"The longer children remain out of school, the less likely they are to return," she said. "At least 24 million children are projected to drop out of school due to Covid-19. That's why we are urging governments to prioritize reopening schools when restrictions are lifted." —Will Feuer
Starbucks' U.S. same-store sales fell 11% in August, showing sequential signs of improvement as it looks to bring back customers.
The global coffee chain's recovery in China, its second-largest market, has been rockier. After same-store sales fell 8% in June, they shrank to 10% the following month. However, August saw flat same-store sales growth, the company said during a presentation at a JPMorgan conference.
Starbucks brought back its pumpkin spiced latte earlier than ever before this year on Aug. 25. Consumers' daily routines remain disrupted by the pandemic, hurting Starbucks' business as fewer venture out for their daily cup of coffee. —Amelia Lucas
At least 121 people under the age of 21 have died of the coronavirus, and nearly two-thirds of them were Black and Hispanic people, according to a new study published by the Centers for Disease Control and Prevention.
Among the 121 young people who died of Covid-19, 45% were Hispanic and 29% were Black, the study said. About 4% were American Indian or Alaska Native people, the study added. Altogether, the groups represent 41% of the U.S. population, the researchers said, but account for more than 75% of Covid-19 deaths among people below the age of 21.
"Among infants, children, and adolescents hospitalized with laboratory-confirmed COVID-19 and cases of MIS-C, persons from racial and ethnic minority groups are overrepresented," the researchers wrote. —Will Feuer
A recent report from data firm Morning Consult indicates that only around 18% of U.S. consumers feel comfortable returning to cinemas.
While international box offices have thrived, the U.S. has been sluggish since Hollywood began releasing new, big-budget films in August. Films like "Tenet" haven't quite garnered the ticket sales that the industry was expecting.
For the last 12 weeks, public attitudes about leisure activities, like going to the movies, haven't moved significantly according to Morning Consult, a warning that consumer habits are not returning to pre-pandemic normalcy. —Sarah Whitten
House Speaker Nancy Pelosi said that she is still opposed to Republican efforts to pass a smaller version of her party's stimulus plan despite the upcoming 2020 elections.
Asked by CNBC's Jim Cramer if she'd be willing to pass a "skinny" deal now and work with the GOP on outstanding issues later, Pelosi fired back that "there is no later with this administration."
"This is the opportunity. And the skinny deal is a Republican bill: That's not a deal at all," Pelosi said.
Her insistence on a larger deal, however, may put fellow Democrats in a tough position since many members of the House who won seats from Republicans in 2018 face tough reelection battles. —Thomas Franck
Most Delta Air Lines employees won't face furloughs when a $25 billion federal aid package for the industry expires at the end of this month, thanks to thousands of volunteers who took buyouts and leaves of absence. Delta also reduced schedules by 25%, another cost-saving measure.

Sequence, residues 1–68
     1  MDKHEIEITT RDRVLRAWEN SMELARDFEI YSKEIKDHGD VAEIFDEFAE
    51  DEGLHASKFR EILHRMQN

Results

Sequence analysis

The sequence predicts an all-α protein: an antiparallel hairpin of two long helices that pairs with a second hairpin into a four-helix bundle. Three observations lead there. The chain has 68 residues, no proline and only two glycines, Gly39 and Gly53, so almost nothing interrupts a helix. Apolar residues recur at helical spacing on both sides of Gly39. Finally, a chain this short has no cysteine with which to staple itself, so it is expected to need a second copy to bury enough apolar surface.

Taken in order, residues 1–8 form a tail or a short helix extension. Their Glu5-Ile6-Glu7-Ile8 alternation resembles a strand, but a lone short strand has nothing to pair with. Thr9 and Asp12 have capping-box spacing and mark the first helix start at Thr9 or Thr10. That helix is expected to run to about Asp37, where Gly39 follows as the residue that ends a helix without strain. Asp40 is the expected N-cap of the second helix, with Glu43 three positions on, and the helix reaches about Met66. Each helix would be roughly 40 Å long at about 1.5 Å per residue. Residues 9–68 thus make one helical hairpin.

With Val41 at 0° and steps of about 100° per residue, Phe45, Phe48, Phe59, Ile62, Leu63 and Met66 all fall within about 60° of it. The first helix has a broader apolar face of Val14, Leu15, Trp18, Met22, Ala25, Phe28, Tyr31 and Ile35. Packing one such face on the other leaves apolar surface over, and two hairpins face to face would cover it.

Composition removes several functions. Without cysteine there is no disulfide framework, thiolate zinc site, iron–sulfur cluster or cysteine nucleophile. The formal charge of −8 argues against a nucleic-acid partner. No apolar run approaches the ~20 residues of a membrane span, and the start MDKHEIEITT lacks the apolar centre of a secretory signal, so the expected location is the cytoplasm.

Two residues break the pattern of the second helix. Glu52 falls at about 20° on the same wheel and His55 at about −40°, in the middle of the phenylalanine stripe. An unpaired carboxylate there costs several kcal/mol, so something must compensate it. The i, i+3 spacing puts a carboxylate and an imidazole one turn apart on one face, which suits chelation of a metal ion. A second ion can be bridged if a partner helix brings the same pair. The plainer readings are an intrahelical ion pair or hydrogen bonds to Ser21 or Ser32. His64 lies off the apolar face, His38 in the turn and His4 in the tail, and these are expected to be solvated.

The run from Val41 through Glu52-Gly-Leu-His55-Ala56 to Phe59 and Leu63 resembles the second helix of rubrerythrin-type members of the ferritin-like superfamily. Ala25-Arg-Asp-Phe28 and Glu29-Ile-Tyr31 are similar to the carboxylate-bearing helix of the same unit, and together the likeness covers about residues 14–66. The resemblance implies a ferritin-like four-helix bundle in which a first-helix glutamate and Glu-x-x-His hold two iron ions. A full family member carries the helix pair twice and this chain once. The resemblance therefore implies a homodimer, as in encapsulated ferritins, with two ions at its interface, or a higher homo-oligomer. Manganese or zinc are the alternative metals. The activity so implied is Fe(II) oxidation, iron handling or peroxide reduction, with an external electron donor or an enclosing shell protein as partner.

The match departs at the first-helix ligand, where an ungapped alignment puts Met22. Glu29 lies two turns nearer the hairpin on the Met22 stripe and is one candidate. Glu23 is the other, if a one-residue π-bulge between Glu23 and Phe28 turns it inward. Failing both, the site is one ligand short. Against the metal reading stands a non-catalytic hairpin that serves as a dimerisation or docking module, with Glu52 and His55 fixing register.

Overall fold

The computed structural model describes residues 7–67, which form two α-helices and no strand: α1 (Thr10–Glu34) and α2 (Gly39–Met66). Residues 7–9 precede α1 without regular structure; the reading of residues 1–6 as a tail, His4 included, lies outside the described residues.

Airlines have scrambled to cut costs and, in particular, reduce labor expenses as the pandemic forced them to slash flights.
The group safe from job cuts now includes flight attendants, mechanics and other front-line workers. But Delta is still negotiating with the union that represents its pilots to potentially avoid more than 1,900 job cuts as early as Oct. 1.
Southwest Airlines also has said it expects to avoid involuntary furloughs this year. American and United have said they could cut as many as 35,000 jobs combined when federal aid runs out. Executives, labor unions and bipartisan members of Congress have pushed for more aid for the ailing industry to preserve jobs until the end of next March, but so far lawmakers have failed to reach a new coronavirus stimulus bill that could include the extra airline relief. —Leslie Josephs
Social Capital CEO Chamath Palihapitiya believes the next coronavirus relief bill should focus primarily on giving money directly to Americans, telling CNBC earlier the effort to help businesses "wasn't functionally useful."
"We know this economy is always consumer-led. It's consumption that drives growth in the United States. It drives jobs and capital allocation, and the more money in individuals' hands the better they can be to support businesses, buy different products," the venture capitalist said on "Squawk Box."
The U.S. economy is currently in a "slow grind back to normalcy," Palihapitiya said, but providing more support to consumers "how we grow ourselves out." He added, "The more money we waste and give to zombie companies, we're just going to push the can down the road and it's all unnecessary." —Kevin Stankiewicz
Many small businesses have been battered by the coronavirus pandemic. Lowe's CEO Marvin Ellison said the retailer wants to give them a hand by offering a path to get products on its shelves and website.